"The safety, availability and integrity of our nation's blood supply are vital," according to the letter. "For these reasons, we agree with the American Red Cross, America's Blood Centers … and others that the time has come for the FDA to modify the lifetime deferral for MSM."
To address the controversy surrounding the regulation, the FDA dedicates a section of more than 2,000 words to their website dealing with the ban on MSM. The section attempts to clarify why the rule exists while addressing social concerns like discrimination.
"FDA's deferral policy is based on the documented increased risk of certain transfusion transmissible infections, such as HIV, associated with male-to-male sex and is not based on any judgment concerning the donor's sexual orientation," according to its website.
The section also addresses Lautenberg's issue of how heterosexual men suspected to be HIV-positive are not permanently deferred. According to the website, MSM are more likely to contract the disease despite rising numbers among heterosexuals.
"While statistics indicate a rising infection rate among young heterosexual women, their overall rate of HIV infection remains much lower than in men who have sex with other men," according to the website.
The FDA recognizes how many donors are deferred by the regulation and continues to monitor and consult with health experts to see if the rule needs revision.
"FDA's primary responsibility is to enhance blood safety and protect blood recipients. FDA would change this policy only if supported by scientific data showing that a change in policy would not present a significant and preventable risk to blood recipients," according to the website.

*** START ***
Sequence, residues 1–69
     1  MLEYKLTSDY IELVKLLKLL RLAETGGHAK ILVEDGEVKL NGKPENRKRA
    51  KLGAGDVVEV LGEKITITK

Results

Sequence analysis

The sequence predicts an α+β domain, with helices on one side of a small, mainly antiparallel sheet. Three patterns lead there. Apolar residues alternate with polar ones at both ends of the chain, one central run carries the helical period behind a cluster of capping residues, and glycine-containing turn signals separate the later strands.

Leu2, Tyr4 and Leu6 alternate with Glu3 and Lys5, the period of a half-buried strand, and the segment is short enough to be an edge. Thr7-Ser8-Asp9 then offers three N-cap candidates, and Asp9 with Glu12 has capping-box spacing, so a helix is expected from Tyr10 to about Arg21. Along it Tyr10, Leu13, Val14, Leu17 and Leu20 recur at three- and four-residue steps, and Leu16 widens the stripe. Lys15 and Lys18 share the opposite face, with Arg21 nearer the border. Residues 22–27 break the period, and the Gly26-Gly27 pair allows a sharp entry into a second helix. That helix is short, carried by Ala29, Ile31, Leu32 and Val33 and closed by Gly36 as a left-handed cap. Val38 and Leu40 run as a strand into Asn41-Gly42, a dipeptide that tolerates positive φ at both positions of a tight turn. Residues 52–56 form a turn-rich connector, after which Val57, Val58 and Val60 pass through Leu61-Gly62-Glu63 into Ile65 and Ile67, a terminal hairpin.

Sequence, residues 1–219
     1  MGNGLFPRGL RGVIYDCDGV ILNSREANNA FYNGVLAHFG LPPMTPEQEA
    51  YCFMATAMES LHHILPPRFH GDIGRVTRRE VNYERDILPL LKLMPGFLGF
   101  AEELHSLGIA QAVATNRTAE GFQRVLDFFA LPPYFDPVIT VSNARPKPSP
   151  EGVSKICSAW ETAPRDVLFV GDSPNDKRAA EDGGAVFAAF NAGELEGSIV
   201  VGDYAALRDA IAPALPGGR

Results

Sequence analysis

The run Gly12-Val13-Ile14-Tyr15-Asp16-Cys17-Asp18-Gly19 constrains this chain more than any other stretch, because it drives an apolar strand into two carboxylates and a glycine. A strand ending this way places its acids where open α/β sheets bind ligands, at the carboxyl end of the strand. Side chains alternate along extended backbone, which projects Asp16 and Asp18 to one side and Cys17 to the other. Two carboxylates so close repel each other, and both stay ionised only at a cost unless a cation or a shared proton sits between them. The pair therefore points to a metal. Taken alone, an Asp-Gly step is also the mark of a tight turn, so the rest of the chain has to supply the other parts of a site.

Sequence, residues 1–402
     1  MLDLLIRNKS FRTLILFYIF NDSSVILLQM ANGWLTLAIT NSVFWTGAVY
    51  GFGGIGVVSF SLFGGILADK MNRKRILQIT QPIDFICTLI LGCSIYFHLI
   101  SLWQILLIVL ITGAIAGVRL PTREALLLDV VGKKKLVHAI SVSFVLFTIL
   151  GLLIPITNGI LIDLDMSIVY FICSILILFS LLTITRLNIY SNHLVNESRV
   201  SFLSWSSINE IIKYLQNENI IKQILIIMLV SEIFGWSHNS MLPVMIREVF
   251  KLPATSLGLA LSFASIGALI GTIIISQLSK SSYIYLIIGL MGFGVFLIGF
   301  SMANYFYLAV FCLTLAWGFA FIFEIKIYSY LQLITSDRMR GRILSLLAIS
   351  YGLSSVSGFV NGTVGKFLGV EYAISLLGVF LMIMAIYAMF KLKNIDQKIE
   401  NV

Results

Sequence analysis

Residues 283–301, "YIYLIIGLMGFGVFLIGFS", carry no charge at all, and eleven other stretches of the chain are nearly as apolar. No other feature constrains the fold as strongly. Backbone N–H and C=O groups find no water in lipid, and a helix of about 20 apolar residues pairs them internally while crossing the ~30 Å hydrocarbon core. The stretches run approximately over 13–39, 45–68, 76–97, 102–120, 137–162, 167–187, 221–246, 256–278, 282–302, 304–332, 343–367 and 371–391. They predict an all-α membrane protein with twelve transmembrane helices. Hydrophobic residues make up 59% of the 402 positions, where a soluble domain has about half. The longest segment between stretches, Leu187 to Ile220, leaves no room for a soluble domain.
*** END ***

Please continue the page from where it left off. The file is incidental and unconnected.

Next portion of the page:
U.S. Health and Human Services Advisory Committee on Blood Safety and Availability (ACBSA) reviewed the ban on MSM in June in an effort to determine whether the rule needs to be changed.
Despite the improvements of disease detection in donated blood samples, the ACBSA voted nine to six against revising the MSM regulation, according to a resolution provided by HHS Senior Advisor for Blood Policy Jerry Holmberg.
"Whereas we believe that the current donor deferral policies are suboptimal in permitting some potentially high-risk donations while preventing some potentially low-risk donations, we find currently available scientific data are inadequate to support change to a specific alternative policy," according to the resolution.
Although the committee felt the rule should not be changed at this time, ACBSA members voted unanimously to dedicate more research to the area in hopes of revising the rule in the future, according to the resolution.
"A U.S. Public Health Service working group was convened to review the current MSM deferral and to propose strategic steps, including scientifically valid research for developing and validation of an HHS alternative policy that would guide a possible change in deferral," according to the website.